J Bioeth Inq. 2021 Jan 2. doi: 10.1007/s11673-020-10073-0. Online ahead of print.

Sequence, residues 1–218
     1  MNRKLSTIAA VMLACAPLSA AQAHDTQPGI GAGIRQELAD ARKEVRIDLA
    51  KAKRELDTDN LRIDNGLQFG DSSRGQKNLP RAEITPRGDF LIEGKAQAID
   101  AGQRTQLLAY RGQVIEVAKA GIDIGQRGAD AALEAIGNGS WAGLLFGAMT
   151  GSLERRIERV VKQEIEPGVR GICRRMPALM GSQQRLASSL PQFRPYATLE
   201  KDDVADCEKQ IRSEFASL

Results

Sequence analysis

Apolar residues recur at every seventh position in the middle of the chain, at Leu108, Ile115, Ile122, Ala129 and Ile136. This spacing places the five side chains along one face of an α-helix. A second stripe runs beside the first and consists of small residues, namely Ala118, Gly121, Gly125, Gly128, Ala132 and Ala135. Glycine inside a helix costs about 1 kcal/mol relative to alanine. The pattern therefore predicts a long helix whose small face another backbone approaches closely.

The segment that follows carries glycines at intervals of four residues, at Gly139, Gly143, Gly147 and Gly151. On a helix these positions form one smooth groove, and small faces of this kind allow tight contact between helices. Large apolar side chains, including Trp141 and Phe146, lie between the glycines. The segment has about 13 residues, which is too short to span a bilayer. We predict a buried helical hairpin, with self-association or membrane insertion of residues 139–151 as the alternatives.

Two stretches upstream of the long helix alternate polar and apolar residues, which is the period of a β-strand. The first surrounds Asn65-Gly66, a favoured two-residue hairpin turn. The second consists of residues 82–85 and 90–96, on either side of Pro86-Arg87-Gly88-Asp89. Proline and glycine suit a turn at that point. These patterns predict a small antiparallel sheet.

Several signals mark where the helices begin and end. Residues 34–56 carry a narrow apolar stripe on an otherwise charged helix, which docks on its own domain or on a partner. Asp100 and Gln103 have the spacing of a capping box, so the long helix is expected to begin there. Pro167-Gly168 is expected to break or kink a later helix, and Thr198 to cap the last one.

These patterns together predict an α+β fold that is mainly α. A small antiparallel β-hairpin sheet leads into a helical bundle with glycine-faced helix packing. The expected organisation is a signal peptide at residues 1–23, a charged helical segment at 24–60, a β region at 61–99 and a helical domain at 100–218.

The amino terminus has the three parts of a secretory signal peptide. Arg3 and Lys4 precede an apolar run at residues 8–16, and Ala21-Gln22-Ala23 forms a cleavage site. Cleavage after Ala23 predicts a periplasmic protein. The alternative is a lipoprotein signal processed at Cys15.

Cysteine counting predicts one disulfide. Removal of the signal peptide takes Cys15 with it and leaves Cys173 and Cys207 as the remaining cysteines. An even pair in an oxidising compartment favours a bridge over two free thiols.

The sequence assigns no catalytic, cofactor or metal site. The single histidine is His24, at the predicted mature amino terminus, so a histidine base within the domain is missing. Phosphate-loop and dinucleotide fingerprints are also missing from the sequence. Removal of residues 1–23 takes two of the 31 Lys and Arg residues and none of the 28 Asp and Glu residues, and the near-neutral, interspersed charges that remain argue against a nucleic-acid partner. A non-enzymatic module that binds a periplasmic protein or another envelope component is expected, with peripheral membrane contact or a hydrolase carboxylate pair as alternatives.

This paper discusses the ethical implications of racism and some of the various costs associated with racism occurring at the institutional level. We argue that, in many ways, the laws, social structures, and institutions in Western society have operated to perpetuate the continuation of historical legacies of racial inequities with or without the intention of individuals and groups in society. By merely maintaining existing structures, laws, and social norms, society can impose social, economic, and health costs on racial minorities that impinge on their well-being and human dignity. Based on a review of multidisciplinary research on racism, particularly focusing on healthcare, we demonstrate how institutional racism leads to social and economic inequalities in society. By positing institutional racism as the inherent cause of avoidable disparities in healthcare, this paper draws attention to the ethical significance of racism, which remains a relatively neglected issue in bioethics research.